new JDK released 1.7.0_03

Discussion in 'Java' started by Roedy Green, Feb 15, 2012.

  1. Roedy Green

    Roedy Green Guest

    Roedy Green, Feb 15, 2012
    #1
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  2. Roedy Green

    Jan Burse Guest

    Roedy Green schrieb:
    > a new JDK was just released 1.7.0_03.
    >
    > Hints on installing will be posted soon at
    > http://mindprod.com/jgloss/jdk.html
    > and http://mindprod.com/jgloss/jre.html
    >
    > It is pretty straightforward, so long as you remember to get 32/64 bit
    > or both.


    Did it fix the keyboard on Mac OS?

    So far openjdk 1.7 was not usable on Mac OS, the
    option modifier did not work, no chance to type
    [ ] | { } from a swiss german keyboard.

    Exactly same application works with openjdk 1.6,
    the Swing text component handles the keyboard
    correctly.

    Bye
    Jan Burse, Feb 15, 2012
    #2
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  3. Roedy Green

    Roedy Green Guest

    On Wed, 15 Feb 2012 11:12:20 +0100, Jan Burse <>
    wrote, quoted or indirectly quoted someone who said :

    >Did it fix the keyboard on Mac OS?


    This was from Oracle, the mainstream version, not Open JDK. I think
    mostly it was about timezone/DST trivia updates and the usual security
    stuff.
    --
    Roedy Green Canadian Mind Products
    http://mindprod.com
    One of the most useful comments you can put in a program is
    "If you change this, remember to change ?XXX? too".
    Roedy Green, Feb 15, 2012
    #3
  4. Roedy Green

    markspace Guest

    On 2/15/2012 2:12 AM, Jan Burse wrote:
    > Roedy Green schrieb:
    >> a new JDK was just released 1.7.0_03.
    >>


    >>
    >> It is pretty straightforward, so long as you remember to get 32/64 bit
    >> or both.

    >
    > Did it fix the keyboard on Mac OS?



    Java Update 3 release notes. They don't say anything about Mac OS
    though, afaics.

    <http://www.oracle.com/technetwork/java/javase/7u3-relnotes-1481928.html>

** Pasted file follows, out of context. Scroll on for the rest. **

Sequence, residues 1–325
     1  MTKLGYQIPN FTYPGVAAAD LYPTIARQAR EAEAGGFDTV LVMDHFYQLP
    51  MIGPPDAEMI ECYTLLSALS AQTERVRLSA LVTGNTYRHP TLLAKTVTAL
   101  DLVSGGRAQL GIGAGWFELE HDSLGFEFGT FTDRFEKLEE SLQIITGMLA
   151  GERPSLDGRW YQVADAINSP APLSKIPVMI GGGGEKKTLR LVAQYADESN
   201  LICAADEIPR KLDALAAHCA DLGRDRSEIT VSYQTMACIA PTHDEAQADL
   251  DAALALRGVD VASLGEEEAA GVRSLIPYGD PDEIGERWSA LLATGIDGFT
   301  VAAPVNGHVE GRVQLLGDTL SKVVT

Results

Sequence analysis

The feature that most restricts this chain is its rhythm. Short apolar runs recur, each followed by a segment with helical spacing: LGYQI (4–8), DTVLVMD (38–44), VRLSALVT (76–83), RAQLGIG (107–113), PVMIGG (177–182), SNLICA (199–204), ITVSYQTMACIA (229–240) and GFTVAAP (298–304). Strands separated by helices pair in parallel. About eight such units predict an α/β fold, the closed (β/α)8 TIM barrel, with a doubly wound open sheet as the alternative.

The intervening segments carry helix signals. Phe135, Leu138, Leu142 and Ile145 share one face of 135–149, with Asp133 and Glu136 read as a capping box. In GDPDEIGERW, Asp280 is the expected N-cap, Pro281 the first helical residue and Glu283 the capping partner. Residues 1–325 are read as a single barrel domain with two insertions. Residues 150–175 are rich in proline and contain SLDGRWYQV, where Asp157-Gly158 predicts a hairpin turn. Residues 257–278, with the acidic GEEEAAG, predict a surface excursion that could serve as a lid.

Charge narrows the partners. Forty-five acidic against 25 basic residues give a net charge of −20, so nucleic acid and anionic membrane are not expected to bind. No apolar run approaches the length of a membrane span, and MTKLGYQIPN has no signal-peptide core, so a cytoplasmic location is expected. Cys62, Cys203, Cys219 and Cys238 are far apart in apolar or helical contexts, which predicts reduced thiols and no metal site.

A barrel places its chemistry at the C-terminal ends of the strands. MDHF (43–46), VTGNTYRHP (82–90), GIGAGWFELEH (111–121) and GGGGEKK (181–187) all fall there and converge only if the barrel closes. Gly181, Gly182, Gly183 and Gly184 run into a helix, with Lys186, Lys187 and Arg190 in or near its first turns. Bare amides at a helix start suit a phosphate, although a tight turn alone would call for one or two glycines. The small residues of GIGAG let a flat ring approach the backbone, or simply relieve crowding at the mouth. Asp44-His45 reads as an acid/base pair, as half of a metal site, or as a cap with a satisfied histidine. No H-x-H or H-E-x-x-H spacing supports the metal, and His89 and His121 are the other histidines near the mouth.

Looks like Java 1.7.0_03 has some Security Baseline stuff (I didn't read
    what that is), there's Java SE 7u3 updates for the Java plugin and for
    some security vulnerabilities.
    markspace, Feb 15, 2012
    #4
  5. Roedy Green

    Arne Vajhøj Guest

    On 2/15/2012 5:12 AM, Jan Burse wrote:
    > Roedy Green schrieb:
    >> a new JDK was just released 1.7.0_03.
    >>
    >> Hints on installing will be posted soon at
    >> http://mindprod.com/jgloss/jdk.html
    >> and http://mindprod.com/jgloss/jre.html
    >>
    >> It is pretty straightforward, so long as you remember to get 32/64 bit
    >> or both.

    >
    > Did it fix the keyboard on Mac OS?
    >
    > So far openjdk 1.7 was not usable on Mac OS, the
    > option modifier did not work, no chance to type
    > [ ] | { } from a swiss german keyboard.
    >
    > Exactly same application works with openjdk 1.6,
    > the Swing text component handles the keyboard
    > correctly.


    It was Oracle Java that was released not OpenJDK.

    As far as I can see then OpenJDK does not even
    have a u3 only u2 and u4.

    To find out whether it is fixed or not
    you should probably read commit comments
    in Mercurial.

    Arne
    Arne Vajhøj, Feb 16, 2012
    #5
  6. Roedy Green

    Arne Vajhøj Guest

    On 2/15/2012 10:44 AM, Roedy Green wrote:
    > On Wed, 15 Feb 2012 11:12:20 +0100, Jan Burse<>
    > wrote, quoted or indirectly quoted someone who said :
    >
    >> Did it fix the keyboard on Mac OS?

    >
    > This was from Oracle, the mainstream version, not Open JDK.


    OpenJDK is actually supposed to be RI, but it has not
    really taken over yet.

    Arne
    Arne Vajhøj, Feb 16, 2012
    #6
  7. In <4f3c55ee$0$290$> Arne Vajhøj wrote:

    > As far as I can see then OpenJDK does not even have a u3 only
    > u2 and u4.


    It seems that oracle have reserved odd releases solely for security updates,
    while feature releases are even numbered. I'm not suprised that they do the
    even numbered releases out in the open with openjdk, while keeping the odd
    releases with security fixes secret as long as possible.

    I haven't seen this policy stated authoritively publicly anywhere, but the
    pattern of changes in the three updates of jdk 7 sure seems to support it.

    --
    Fredrik Jonson
    Fredrik Jonson, Feb 16, 2012
    #7
  8. Roedy Green

    Lew Guest

    Fredrik Jonson wrote:
    > Arne Vajhøj wrote:
    >> As far as I can see then OpenJDK does not even have a u3 only
    >> u2 and u4.

    >
    > It seems that oracle have reserved odd releases solely for security updates,
    > while feature releases are even numbered. I'm not suprised that they do the
    > even numbered releases out in the open with openjdk, while keeping the odd
    > releases with security fixes secret as long as possible.


    What the ...?

    > I haven't seen this policy stated authoritively publicly anywhere, but the
    > pattern of changes in the three updates of jdk [sic] 7 sure seems to support it.


    Maybe because that isn't the policy and the three updates of Oracle's Java 7
    completely disprove the notion.

    Java 1.7.0_1 had both security and feature changes, 1.7.0_02 had both security